Senator warns Trump about impact of another shutdown on tax season
Sen. Ron Wyden, D-Ore., the top Democrat on the Senate Finance Committee, urged President Trump on Tuesday to accept the funding compromise on border security that a group of congressional Democrats and Republicans have proposed, or else risk delaying tax refunds.
Wyden pointed out that under the temporary three-week deal that ended the 35-day partial government shutdown late last month, funding for the IRS will be expiring on Friday. “Donald Trump may not understand how important tax refunds are to most Americans, but you can bet he’ll find out if he axes this funding agreement, causes another prolonged shutdown and keeps refunds from going out on time,” Wyden said in a statement. “We already know Trump was willing to force hundreds of thousands of federal employees and their families into financial hardship during the last shutdown. Now the question is whether he’s willing to risk hurting tens of millions of working people anticipating tax refunds in order to look tough at campaign rallies talking about his wall.”
President Trump is reportedly still wavering on the bipartisan spending agreement announced Monday night. A bipartisan group of lawmakers reached a compromise on providing $1.375 billion for new fencing along the U.S.-Mexico border, as opposed to the $5.7 billion the president has demanded for a wall. Democrats have dropped their demand for limiting the number of beds for detainees arrested by border agents, a disagreement that emerged as a sticking point in recent days and temporarily derailed talks over the weekend.
“I can’t say I’m happy,” Trump responded to reporters Tuesday when asked what he thought of the funding compromise. But Trump also appeared to indicate that another government shutdown would be avoided. “I don’t think you’re going to see another shutdown,” he added.
Wyden noted that the IRS has experienced a slow start since the government reopened right before tax season. The first batch of filing season data released Friday by the IRS showed decreases in the number of tax returns processed and the average dollar amount refunded (see IRS reports decline in refunds and filings during first week of tax season).
The IRS was able to process 13,306,000 returns for the week ending Feb. 1, 2019, compared to 17,931,000 in the first week of last year’s filing season, a 25.8 percent drop. The IRS also reported a decline in the number and dollar amount of tax refunds, with 4,672,000 tax refunds paid in the first week this year, compared to 6,171,000 refunds last year, a 24.3 percent drop. The average refund amount also declined, from $2,035 to $1,865, an 8.4 percent drop. The difference was even starker in terms of the total dollar amount of refunds, plummeting from $12.560 billion to $8.713 billion, a 30.6 percent tumble.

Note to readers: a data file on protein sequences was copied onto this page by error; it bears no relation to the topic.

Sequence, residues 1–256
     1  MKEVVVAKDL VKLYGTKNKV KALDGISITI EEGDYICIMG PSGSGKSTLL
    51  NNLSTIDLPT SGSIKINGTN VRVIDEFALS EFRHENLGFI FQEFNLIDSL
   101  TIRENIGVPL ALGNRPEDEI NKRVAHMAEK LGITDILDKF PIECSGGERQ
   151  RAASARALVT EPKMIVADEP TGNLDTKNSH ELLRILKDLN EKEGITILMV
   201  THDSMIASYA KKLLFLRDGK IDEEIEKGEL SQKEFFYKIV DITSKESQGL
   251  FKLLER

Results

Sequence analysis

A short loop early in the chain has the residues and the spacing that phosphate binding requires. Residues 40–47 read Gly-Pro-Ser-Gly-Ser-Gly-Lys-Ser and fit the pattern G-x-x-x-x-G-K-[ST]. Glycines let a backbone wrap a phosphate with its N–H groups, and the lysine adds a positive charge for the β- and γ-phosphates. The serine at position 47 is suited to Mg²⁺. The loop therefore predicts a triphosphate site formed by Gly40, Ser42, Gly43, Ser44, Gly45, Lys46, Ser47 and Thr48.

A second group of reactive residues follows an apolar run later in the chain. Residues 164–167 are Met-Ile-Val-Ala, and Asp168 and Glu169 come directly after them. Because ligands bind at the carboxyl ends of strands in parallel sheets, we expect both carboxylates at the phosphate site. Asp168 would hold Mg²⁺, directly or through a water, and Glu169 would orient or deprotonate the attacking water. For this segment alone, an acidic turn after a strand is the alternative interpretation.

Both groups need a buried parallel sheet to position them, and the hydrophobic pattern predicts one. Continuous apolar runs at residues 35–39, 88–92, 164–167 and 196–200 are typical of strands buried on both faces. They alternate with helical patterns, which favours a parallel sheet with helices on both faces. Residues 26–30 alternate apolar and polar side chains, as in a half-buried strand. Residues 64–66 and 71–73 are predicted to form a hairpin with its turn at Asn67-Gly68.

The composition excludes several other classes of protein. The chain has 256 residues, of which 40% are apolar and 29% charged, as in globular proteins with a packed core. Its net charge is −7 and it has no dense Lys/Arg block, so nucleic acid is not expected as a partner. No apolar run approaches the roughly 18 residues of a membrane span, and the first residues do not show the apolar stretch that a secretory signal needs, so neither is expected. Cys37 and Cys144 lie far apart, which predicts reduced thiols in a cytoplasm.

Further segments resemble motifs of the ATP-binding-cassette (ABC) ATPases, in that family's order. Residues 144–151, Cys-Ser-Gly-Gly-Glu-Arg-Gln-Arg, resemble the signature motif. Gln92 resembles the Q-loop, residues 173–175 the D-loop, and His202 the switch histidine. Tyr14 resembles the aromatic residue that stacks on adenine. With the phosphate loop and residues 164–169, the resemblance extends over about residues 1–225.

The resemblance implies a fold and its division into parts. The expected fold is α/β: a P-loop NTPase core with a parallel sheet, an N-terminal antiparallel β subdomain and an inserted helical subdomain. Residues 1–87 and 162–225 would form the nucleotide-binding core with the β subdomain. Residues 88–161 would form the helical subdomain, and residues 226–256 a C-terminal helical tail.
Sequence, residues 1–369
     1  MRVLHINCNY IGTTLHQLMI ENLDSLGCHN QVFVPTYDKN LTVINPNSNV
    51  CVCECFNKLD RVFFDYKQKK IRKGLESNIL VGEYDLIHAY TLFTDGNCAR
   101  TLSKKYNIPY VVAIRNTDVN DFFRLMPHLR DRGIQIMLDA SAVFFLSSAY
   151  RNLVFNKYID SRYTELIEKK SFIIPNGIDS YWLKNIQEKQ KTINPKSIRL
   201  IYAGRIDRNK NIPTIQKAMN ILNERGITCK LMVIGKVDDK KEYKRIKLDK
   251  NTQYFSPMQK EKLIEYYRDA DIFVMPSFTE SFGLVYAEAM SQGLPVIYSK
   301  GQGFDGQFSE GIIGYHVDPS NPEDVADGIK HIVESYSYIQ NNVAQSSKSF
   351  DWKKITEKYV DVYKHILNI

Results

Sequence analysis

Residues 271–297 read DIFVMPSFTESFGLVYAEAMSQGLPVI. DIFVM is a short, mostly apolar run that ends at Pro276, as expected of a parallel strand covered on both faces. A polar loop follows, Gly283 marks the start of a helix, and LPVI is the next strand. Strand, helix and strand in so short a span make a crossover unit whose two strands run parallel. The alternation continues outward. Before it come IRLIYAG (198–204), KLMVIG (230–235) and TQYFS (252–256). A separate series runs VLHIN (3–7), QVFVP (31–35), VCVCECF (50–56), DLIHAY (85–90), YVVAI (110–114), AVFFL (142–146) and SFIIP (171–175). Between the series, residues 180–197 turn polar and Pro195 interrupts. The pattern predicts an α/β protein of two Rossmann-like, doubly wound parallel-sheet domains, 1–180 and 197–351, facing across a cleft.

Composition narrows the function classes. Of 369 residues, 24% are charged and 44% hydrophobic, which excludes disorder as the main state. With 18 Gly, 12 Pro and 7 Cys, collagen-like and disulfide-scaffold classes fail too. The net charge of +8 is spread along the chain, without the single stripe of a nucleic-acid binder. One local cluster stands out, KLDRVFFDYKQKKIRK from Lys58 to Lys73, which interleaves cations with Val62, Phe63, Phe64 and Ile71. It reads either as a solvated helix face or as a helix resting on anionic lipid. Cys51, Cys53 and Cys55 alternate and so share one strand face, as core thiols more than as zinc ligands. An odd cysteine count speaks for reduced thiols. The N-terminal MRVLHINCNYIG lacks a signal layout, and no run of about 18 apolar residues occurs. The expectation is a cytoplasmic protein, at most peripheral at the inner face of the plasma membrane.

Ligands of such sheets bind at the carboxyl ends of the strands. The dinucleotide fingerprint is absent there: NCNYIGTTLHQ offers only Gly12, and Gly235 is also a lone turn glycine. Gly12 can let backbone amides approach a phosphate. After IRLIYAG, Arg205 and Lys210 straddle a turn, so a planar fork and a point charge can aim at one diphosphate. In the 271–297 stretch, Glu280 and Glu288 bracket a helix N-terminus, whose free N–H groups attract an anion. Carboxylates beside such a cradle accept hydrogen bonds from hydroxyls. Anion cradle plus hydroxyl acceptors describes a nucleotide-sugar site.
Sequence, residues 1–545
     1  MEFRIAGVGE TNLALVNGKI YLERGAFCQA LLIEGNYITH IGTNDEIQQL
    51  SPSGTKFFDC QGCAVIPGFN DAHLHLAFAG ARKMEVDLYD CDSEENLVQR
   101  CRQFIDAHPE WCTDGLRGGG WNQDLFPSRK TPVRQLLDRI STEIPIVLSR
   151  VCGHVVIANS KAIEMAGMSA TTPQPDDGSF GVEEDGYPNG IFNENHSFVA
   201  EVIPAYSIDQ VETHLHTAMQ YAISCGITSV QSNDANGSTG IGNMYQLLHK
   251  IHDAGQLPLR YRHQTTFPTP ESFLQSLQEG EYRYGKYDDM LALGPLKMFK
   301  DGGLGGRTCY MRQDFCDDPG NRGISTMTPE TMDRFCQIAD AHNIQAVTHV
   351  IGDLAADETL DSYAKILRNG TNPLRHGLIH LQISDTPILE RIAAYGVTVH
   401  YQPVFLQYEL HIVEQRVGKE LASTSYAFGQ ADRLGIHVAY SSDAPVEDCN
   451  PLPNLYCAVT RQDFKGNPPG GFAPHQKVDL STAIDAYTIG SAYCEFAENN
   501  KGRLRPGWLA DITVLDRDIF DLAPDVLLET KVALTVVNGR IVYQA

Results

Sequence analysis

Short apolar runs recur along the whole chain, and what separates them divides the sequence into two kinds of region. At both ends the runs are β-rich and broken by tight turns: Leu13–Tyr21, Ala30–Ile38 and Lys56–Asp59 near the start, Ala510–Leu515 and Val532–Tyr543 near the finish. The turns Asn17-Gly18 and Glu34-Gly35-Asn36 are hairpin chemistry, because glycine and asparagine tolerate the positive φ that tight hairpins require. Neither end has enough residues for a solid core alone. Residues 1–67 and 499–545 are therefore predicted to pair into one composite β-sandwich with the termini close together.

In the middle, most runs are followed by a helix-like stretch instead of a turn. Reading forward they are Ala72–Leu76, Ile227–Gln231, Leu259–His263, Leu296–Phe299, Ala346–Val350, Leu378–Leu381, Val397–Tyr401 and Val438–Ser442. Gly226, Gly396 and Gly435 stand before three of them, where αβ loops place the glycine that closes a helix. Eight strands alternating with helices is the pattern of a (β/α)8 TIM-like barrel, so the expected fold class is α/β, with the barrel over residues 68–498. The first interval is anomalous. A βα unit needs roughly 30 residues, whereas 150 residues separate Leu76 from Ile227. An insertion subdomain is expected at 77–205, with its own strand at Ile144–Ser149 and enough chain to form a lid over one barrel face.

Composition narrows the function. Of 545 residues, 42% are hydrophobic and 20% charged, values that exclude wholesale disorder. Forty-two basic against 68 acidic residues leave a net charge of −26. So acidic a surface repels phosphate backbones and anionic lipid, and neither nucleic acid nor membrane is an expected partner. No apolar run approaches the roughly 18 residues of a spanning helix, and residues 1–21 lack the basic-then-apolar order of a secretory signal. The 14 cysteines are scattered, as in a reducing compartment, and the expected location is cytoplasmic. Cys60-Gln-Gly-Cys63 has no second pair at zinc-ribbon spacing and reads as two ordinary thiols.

Rep. Kevin Brady, R-Texas, the ranking Republican on the House Ways and Means Committee, who spearheaded the new tax law through Congress at the end of 2017, defended the impact on refunds early in tax season and contrasted it with the tax cuts that showed up in regular paychecks last year.
“Tax refunds, the amount of that, simply means how much you didn’t have in your paycheck last year,” he said Tuesday on the Fox Business Network. “If you are living paycheck-to-paycheck like most families, you want that tax relief every month, you don’t want it a year later – which is what refunds represent.”
On the matter of another possible shutdown, Wyden pointed out that more than half of the employees IRS recalled during the shutdown before the start of filing season didn’t report to work. He warned another shutdown could lead to more staffing shortages and pose a serious threat to agency operations, further delaying tax refunds.
National Taxpayer Advocate Nina Olson documented the negative impact of the partial government shutdown in her annual report to Congress Tuesday (see Taxpayer Advocate sees continuing impact on IRS from shutdown). During the first week of last year’s filing season, the IRS answered 86 percent of calls routed to an Accounts Management telephone assistor, and the average wait time was about four minutes. During the first week of this year’s filing season, the IRS answered only 48 percent of its calls, and the average wait time was 17 minutes.
The National Treasury Employees Union, which represents IRS employees, also warned against another shutdown and pointed to the National Taxpayer Advocate’s report.
“Today’s report brings into sharp relief just how difficult it is for an underfunded, understaffed agency to function at a high level when most of its workforce was locked out for a month before the start of the filing season,” said NTEU national president Tony Reardon in a statement Tuesday. “I don’t know how anyone can read this report and not be alarmed at the massive amount of damage that has been done to the agency’s workforce and the taxpayers they want to serve.”
He noted that on the day before the shutdown ended, the IRS had more than 5 million pieces of mail waiting to be "batched," 80,000 responses to audits that needed to be addressed, and 87,000 amended returns that had not been processed.